Oh my, where do I start?
I stumbled upon Inkarnate one day when I was doing an internet search for mapmaking options. I already had the map for my fantasy land on a plain piece of white paper, but I wanted it to look authentic—with landforms, oceans, forests, roads, and settlements delineated and in color if possible. There is nothing I like more than opening up a fantasy book cover and seeing an interesting MAP.
As you can see, it was horribly boring, and woefully underwhelming.
Initially, when I opened up Inkarnate (free-version), I was thrilled! Here was a design tool where I didn’t feel like a non-artist (as I am). There was a picture in my mind of a coastline present to the northwest of my central land, and I couldn’t draw it correctly at ALL (ugh). Suddenly with Inkarnate, I could make things appear as I wanted; the maps were not pre-generated like other internet sites I had dabbled with.
I bet you can guess what happened next…
Yeah, before I knew it, it was dark outside and the dogs needed feeding… but I had a NEW MAP!
I was so pleased with the result that I decided to take the time and attempt to transfer (freehand) my plain map into Inkarnate. But… I wasn’t so confident about my ability drawing with the mouse. On a whim, I emailed the Inkarnate support team and asked if a scanned document could be imported and modified. And I HOPED against hope that it was.
To my great delight, the answer came back YES with details on how to make it happen! On the next opportunity, I uploaded my bland map, and after several sessions, came out with:
The political lines, roads, rivers and water bodies took time to outline, but I was able to follow my faint lines on the uploaded copy, thankfully. It was really the shading built into the ocean and land textures that made it come alive, though. I was pretty pleased. The icons available in the free version were great, but the pro version held many more choices. After a bit of thinking, I opted to pay the modest yearly price and upgraded to the pro version for the greater variety.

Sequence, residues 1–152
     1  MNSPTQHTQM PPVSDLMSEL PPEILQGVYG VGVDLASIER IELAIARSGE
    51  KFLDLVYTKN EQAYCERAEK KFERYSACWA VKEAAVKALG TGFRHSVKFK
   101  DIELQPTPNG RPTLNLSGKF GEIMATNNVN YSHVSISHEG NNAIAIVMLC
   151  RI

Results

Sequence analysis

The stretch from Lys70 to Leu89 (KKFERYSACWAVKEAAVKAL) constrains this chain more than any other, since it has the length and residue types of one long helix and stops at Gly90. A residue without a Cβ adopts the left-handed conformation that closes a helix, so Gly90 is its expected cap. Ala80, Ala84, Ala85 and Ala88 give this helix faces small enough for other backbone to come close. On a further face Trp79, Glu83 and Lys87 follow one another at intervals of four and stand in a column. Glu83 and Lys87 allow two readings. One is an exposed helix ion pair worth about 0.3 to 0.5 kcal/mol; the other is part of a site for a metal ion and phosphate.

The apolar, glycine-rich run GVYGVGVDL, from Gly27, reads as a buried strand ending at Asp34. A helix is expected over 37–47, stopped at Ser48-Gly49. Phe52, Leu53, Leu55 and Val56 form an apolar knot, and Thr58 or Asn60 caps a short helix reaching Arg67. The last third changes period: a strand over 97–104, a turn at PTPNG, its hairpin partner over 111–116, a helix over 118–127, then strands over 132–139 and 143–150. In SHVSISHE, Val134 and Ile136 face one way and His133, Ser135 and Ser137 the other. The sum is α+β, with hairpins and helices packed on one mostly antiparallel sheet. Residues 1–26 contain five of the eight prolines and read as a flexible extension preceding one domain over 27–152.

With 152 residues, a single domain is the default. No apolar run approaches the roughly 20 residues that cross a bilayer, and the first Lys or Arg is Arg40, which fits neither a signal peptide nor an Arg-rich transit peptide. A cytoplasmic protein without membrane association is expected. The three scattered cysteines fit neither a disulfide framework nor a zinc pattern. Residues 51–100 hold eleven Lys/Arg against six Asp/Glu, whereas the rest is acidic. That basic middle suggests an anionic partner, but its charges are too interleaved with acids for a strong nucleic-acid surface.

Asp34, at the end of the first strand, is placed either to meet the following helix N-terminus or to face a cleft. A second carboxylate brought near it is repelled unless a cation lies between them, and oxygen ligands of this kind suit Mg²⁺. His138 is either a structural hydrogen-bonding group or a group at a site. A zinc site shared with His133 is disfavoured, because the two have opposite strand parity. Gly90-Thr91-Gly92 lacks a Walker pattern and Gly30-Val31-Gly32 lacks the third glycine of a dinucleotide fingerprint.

A bit before Christmas, Inkarnate introduced a beta HD version of their new pro upgrade, and I signed up immediately. Once I opened my maps again, the difference was HUGE!
As you can see in the Iacewen map, the icons are FAR more advanced in design, color, and features (volcanoes, snow on the mountains, etc.) The trees are grouped into species, and there are several forms of each to choose from or rotate through to create realistic forests. Every feature can be resized on a 1-100 gradient depending on the scale of your map. These here are in the 25 and less range because my map is large on distance.
The addition of a shadow feature creates depth in any place you enable it, and I have seen some incredibly detailed shorelines other users have made. Along with that, the amount of different stamps in common fantasy categories (elves, orcs, human, goblin, etc) make it possible to create incredibly detailed cities on a very visible scale. Role players have produced some amazing creations, check out the Inkarnate reddit if you are interested in the possibilities.
Two of the better features, I think, are the SAVE reminder and the Path tool. I was happily editing along, and this box popped up in the lower left corner, telling me I had made over 60 edits and it was time to save — wa-wa-wwhhaaatt? Where is that feature in everything else? And you can bet I saved immediately!
The Path tool came a bit too late for me initially, but I was delighted to be able to go back and apply it to my solid road lines. It changed them to a dotted string, and the map came to life! The roads suddenly looked like thoroughfares even without a key. The map started to look like something I would see covering the inside cover of a novel. There are even beautiful scroll-work edges and parchment-like borders you can add to your creation so that it resembles a weather-beaten map.
The differences aren’t as visible on the second Huphaea map, but I notice it in the depth of the land textures. I have quite a bit more to do; undoubtedly I will continue to amend as I go.
If you are an author (especially of fantasy) enmeshed in worldbuilding, or an RPGer, hop on over to Inkarnate and play around for a few minutes, then tell me you aren’t hooked. I highly recommend Inkarnate for anything you need to map out, even if it’s only to keep it straight in your head while you write. Sorry about the rabbit hole, though…
On second thought, nope, I’m not. Happy mapping!~
What have you used to map your world? Have you made a physical copy, or prefer to keep it in your head? Leave a comment below, I’d love to know your thoughts about maps and creating them!~